Magazine article The Spectator

Defending a Carefee Extravagance

Magazine article The Spectator

Defending a Carefee Extravagance

Article excerpt

Why do we hate the Dome? What went wrong? If ever there was a project that deserved our praise and admiration it was Tiddlywink-upon-Thames. On paper it looked so promising: the young would applaud its vitality, the old its respect for history and tradition; educators would pipe hymns to its lofty idealism, eco-warriors would dance around the fires of its environmental zeal. Its mock-Stalinist grandeur would enthuse the Left, and the Right would rejoice at a project that siphoned off a sea of money from the grasping Lottery losers into the deserving hands of bankers and technocrats. From every angle the Big Bad Bulge looked good - so why on the X-ray of public opinion does it always show up as a malignant growth?

The government staged the whole shebang because it felt it ought to. People complain for exactly the same reason. Any fool could think of a better way to spend 758 million. (My priority would be to help eradicate disease by demolishing a few hospitals.) If the Heritage Department is puzzled by all the ill feeling it might bear in mind something voters never forget: that governments are extortion rackets and extortionists shouldn't throw parties for their prey and expect them to be grateful.

No one foresaw the intensity of Domophobia. It transcends all boundaries of class, politics and region. Those, like me, who admire the carefree extravagance of the Billion Quid Pimple find ourselves members of a persecuted sect banished to the fringes of society. We cower and skulk. We breathe our praises in whispers. At dinner parties, sensing a sympathiser across the table, we tap covert messages of encouragement in Morse Code with a spoon and a muffled hock glass. To blurt out 'I think the Dome will be a big success' is social suicide. I've tried. I always get the same reaction. As the baffled guffaws subside my charming hostess shimmies into the guest-room to plump the pillows and mix me a treble vodka and Mogadon. It's like saying, `Isn't Tony doing a good job!' or `Goodness, how the tabloids hound poor Myra!'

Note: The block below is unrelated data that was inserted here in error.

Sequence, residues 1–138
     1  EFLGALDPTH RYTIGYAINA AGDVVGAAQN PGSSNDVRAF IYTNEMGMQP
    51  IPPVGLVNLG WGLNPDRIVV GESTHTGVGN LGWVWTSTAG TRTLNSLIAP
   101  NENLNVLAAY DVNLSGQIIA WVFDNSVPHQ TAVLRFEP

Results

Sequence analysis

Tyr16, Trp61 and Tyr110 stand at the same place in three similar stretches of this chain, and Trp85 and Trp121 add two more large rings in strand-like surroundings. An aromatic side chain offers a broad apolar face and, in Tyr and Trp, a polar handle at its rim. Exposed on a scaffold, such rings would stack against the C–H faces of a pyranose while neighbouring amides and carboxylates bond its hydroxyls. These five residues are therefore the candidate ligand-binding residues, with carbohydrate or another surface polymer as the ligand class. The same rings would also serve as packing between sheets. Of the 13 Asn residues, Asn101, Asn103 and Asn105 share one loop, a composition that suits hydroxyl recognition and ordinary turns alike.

The Tiddlywink has had it tough. Was the masterful bad-publicity campaign designed to lower our expectations so that when the Dome finally opens its doors (lifts its lid? cracks its shell? bursts?) we would be all the more deeply gobsmacked? The building itself is a puzzle. The elegance and symmetry of the blueprint somehow fail to translate into three dimensions. It rather squats on the riverbank. From elevated positions it's superb but less so at ground level - a cat's cradle atop a tumescent peppermint. On overcast days the sink-white awning already looks grubby, as if in need of a wipe-down with Jif Lemon or even, dare I say it, a squirt of Domestos. The spindly insect legs supporting the roof make it look outlandish from certain angles - a congregation of praying mantises stuck in a gob of discarded chewing-gum. After dark it's a different matter. Like an airport or an olympic stadium the Dome is built for the night. Get a view of it when the ultramarine lights are throwing their beams into the gloom and it commands the eye like a restless volcano glimmering across an inland sea.

Happily the Millennium Commission is fighting back. I popped down to Time's Birthing Blanket in south-east London where they've laid on a pre-llennium display full of websites and data-tainment, video-musements and fact-u-mentaries. In the space of a few short attention spans I curve-learned everything I needed to know about the Dome. Guess what? It's jolly big. There's enough room inside for two Notre Dames, a handful of hockey pitches, a Great Pyramid, Surbiton Lido, the Tardis, Didcot Power Station and the Hanging Gardens of Babylon. …

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